This is the first weekly prompt since the end of StoryADay 2013. Congrats to all those who took part. If you finished even one story you’ll know something about this week’s prompt:

The Prompt

Write a story with “Perseverance” as the theme

Tips

You can write a fast-paced romp in which your protagonist perseveres against ridiculous, comic odds,

You can write a deep and thoughtful piece that reflects on the role of perseverance in a good or bad situation

You get to decide if your hero succeeds or fails and whether or not their perseverance (or lack thereof) helped. (Tip: Don’t be afraid to do the opposite  of what readers might  expect. Perseverance might *cause* things to fall apart…)

Go!

The 7DayStory

P.S. Did you sign up to take part in the 7DayStory Challenge? It’s a challenge I’m running with Gabriela Pereira from DIYMFA.com. It takes you through the process of writing, revising and releasing a story in 7Days (a luxurious pace, around these parts!). Check it out: 7DayStory.com

 

P.P.S. If you don’t want these emails to pop into your inbox every week, but would like to be able to save them for later, why not let your email software filter them so that they drop straight into an archived folder? Here’s how to do it in Gmail.

[Writing Prompt] Guest Prompt from Cat Lumb

Today we have a guest prompt from aspiring-to-be-published writer and StoryADay participant, Cat Lumb. Thanks, Cat!

The Prompt

Your character wants to find the source of a strange noise they can hear. Tell the story of how they find out what that sound is…
Cat Lumb started her blog in 2011 as means to be accountable for her writing dreams. She is currently editing one of her two first draft novels and writing short stories.
Check out her blog: www.nowrittenwords.wordpress.com or link with her on Twitter @Cat_Lumb
You can read all of Cat’s Story a Day in May stories through her blog at: http://nowrittenwords.wordpress.com/a-story-a-day-2013/

[Writing Prompt] Guest Prompt from Debbie Ridpath Ohi

Today’s prompt is from writer, illustrator and all-round good egg Debbie Ridpath Ohi, who shares one of her Daily Doodles with us today to help inspire a story. Thanks, Debbie!

The Prompt

It Wasn’t Me!
Cartoon dog looking guilty

Tips from Julie

  • Use the words or picture in any way that seems right to you
  • If you’re not an animal person, you don’t have to use the dog.
  • If your’e not an animal person, you should consider using the dog anyway. (Hey, this is about stretching yourself, right?)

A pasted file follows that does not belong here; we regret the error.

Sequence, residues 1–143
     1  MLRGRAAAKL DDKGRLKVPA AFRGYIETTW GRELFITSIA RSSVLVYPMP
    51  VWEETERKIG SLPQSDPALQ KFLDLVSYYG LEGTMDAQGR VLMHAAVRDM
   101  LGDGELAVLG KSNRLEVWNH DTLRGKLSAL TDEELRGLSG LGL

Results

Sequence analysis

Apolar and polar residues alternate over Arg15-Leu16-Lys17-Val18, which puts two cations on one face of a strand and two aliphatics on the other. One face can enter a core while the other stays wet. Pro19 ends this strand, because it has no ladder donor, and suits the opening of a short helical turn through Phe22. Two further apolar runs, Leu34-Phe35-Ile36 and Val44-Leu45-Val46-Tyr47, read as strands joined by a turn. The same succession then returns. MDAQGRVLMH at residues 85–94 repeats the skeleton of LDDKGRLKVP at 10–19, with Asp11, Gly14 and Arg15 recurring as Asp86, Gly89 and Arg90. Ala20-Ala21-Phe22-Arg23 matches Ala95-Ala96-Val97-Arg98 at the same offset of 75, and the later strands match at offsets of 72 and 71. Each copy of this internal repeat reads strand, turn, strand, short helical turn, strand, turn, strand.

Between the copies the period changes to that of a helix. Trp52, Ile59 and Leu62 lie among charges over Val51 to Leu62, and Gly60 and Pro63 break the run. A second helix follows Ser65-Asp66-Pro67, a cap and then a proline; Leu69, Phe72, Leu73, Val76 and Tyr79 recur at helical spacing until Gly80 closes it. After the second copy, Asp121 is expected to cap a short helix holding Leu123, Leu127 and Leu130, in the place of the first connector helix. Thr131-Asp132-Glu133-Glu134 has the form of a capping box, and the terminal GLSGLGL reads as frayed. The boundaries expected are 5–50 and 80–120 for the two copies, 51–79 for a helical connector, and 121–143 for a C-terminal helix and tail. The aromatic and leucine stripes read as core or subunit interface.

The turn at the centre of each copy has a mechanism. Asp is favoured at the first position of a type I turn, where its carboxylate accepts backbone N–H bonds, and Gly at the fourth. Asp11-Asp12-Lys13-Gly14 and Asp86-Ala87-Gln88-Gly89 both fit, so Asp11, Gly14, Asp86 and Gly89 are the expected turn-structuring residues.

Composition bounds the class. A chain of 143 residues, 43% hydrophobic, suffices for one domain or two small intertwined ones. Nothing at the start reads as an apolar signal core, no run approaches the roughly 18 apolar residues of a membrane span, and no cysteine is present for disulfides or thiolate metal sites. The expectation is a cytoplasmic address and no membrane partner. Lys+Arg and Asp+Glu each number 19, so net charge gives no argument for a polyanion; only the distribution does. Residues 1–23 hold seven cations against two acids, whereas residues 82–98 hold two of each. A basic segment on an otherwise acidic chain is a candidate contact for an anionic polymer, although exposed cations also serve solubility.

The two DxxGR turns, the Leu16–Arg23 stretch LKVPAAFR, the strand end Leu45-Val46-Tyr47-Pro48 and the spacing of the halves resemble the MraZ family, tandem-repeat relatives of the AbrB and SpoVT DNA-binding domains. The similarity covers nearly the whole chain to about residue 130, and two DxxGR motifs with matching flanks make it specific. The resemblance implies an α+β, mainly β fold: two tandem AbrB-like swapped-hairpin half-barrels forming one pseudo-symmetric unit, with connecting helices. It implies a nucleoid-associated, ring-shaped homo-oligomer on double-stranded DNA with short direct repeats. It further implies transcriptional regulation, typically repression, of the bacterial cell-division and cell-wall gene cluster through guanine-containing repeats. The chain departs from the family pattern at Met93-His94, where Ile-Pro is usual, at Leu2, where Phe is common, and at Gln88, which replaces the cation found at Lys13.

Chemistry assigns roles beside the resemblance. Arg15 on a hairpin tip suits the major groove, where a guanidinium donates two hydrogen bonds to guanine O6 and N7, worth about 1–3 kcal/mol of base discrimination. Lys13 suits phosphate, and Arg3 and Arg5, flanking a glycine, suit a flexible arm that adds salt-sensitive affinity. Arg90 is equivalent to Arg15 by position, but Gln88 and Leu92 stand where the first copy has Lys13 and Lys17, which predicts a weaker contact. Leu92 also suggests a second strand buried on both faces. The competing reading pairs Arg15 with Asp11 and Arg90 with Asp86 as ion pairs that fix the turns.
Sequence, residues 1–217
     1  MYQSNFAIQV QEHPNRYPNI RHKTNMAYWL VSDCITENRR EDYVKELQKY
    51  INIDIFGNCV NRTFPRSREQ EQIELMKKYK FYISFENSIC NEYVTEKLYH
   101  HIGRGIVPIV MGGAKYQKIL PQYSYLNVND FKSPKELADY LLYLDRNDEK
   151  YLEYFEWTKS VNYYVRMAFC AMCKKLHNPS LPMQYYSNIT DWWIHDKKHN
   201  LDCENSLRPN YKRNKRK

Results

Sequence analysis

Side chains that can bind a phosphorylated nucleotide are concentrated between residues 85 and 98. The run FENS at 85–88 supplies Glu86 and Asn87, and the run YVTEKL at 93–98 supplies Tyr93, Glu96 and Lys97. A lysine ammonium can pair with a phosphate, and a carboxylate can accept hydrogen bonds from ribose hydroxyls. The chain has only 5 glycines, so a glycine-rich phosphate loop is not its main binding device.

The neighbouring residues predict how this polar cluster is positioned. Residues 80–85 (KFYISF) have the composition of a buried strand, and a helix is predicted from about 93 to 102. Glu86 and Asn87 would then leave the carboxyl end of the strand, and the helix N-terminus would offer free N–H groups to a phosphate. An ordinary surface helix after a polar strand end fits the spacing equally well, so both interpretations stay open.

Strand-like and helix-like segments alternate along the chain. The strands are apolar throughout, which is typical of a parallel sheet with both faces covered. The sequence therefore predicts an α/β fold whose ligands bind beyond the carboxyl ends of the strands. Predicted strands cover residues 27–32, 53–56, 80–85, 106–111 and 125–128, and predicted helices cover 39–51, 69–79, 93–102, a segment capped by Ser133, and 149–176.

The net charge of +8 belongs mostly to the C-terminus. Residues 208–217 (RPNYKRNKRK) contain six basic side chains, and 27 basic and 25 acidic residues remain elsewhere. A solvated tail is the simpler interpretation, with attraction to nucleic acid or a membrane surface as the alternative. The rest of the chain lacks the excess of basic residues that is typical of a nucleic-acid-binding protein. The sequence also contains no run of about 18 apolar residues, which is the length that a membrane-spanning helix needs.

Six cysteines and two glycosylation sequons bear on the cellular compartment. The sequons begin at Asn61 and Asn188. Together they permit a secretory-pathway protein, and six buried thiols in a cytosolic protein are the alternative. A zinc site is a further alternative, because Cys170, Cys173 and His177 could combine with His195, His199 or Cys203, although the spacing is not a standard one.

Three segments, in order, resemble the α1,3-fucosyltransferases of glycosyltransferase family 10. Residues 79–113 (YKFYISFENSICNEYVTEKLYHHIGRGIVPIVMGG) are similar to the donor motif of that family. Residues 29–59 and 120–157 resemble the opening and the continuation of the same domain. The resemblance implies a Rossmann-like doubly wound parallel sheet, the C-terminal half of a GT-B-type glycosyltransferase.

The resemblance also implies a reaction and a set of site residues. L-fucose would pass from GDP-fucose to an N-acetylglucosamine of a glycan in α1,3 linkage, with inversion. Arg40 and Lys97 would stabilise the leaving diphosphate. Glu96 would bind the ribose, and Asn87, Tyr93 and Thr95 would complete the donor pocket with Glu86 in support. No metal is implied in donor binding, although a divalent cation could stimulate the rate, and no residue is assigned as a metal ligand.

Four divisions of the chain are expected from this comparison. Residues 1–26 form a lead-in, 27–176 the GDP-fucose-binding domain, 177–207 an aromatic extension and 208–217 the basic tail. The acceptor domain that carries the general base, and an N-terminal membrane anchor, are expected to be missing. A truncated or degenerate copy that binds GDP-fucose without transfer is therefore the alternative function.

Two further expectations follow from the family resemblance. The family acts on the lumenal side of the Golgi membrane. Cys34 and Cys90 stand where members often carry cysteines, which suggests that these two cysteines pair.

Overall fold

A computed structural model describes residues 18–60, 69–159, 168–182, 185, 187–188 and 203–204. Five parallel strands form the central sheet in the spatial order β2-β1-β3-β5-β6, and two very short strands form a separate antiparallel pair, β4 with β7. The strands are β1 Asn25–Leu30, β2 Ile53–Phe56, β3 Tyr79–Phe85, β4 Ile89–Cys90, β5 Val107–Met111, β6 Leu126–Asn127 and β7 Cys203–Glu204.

Debbie Ridpath Ohi (http://DebbieOhi.com) writes and illustrates books for young people in Toronto, Canada. She is the illustrator of I’M BORED by Michael Ian Black, published by Simon & Schuster Books For Young Readers, chosen by The New York Times as a Notable Children’s Book. Debbie has current and upcoming book projects with Simon & Schuster, HarperCollins and Random House. More info about Debbie and her projects: http://debbieohi.com. Her blog for writers/illustrators:http://inkygirl.com. Twitter: @inkyelbows.

[Writing Prompt] Guest Prompt from Gregory Frost

Continuing our Guest Prompt week, today’s prompt comes from novelist and teacher Gregory Frost. Thanks, Greg!

The Prompt

Unusual Ways of Seeing

Imagine a person with a very idiosyncratic way of seeing the world (for example, a low-end drug dealer who’s perpetually paranoid because he’s sure everyone wants to steal his stuð; or an accountant for whom everything is numerical and anally precise)—anyone who, because of mental challenges, profession, or self-medicated state, negotiates the world in a distinctly peculiar, complicated, or unhinged way.

For this prompt, have your character witness a traumatic event that does not directly involve him or her (a traffic accident, a robbery, an explosion, etc.).

Narrate the event from this character’s first-person POV, incorporating the idiosyncrasies of this invented personality.

If you need examples from literature, look at George Saunders’ “Tenth of December” which includes both the portrait of a deteriorating mentality and the interiority of a child’s imaginings, or Jonathan Nolan’s “Memento Mori,” or Donald Barthelme’s “Game.”

Tips

  • The narrative should be focused upon the observed event, whatever it is.
  • The background/ biographical elements of this individual should be limited, which is to say implied rather than presented outright in the core of things. You know who they are. Get that across to us without resorting to our narrator saying something like “I’m a junkie.”
  • The details presented about the event–especially how they’re presented–should suggest everything about our narrator.

 

Gregory Frost’s YA-crossover SHADOWBRIDGE duology (Shadowbridge & Lord Tophet) from Del Rey (Random House) was a finalist for the 2009 James Tiptree Award and named one of the year’s four best fantasy novels by the American Library Association.  His Nebula-nominated science fiction novel, THE PURE COLD LIGHT is now available in ebook formats from Book View Cafe (as is his first novel, LYREC)

 For more:
Facebook: gregory.frost1

[Writing Prompt] Guest Prompt from James Scott Bell

Today’s prompt is from best-selling novelist and popular writing teacher James Scott Bell. Thanks, Jim

The Prompt from JSB

Write about your antagonist’s life at the age of sixteen. What were the events that shaped this character back then, and still haunt today?

James Scott Bell is a best-selling author of books for writers and thrillers like Deceived, Try Dying, Watch Your Back, and One More Lie (International Thriller Writers Award finalist).  He writes frequently for Writer’s Digest magazine and blogs every Sunday at The Kill Zone. You can find some of his books for authors here.

Tips from Julie

  • Choose the antagonist/villain of a previous story.
  • Or choose the antagonist of a work-in-progress or the novel you’ve been planning to write but can’t get a handle on.
  • Remember that an antagonist isn’t necessarily the villain — just the character that gets in the way of your hero’s dream

Go!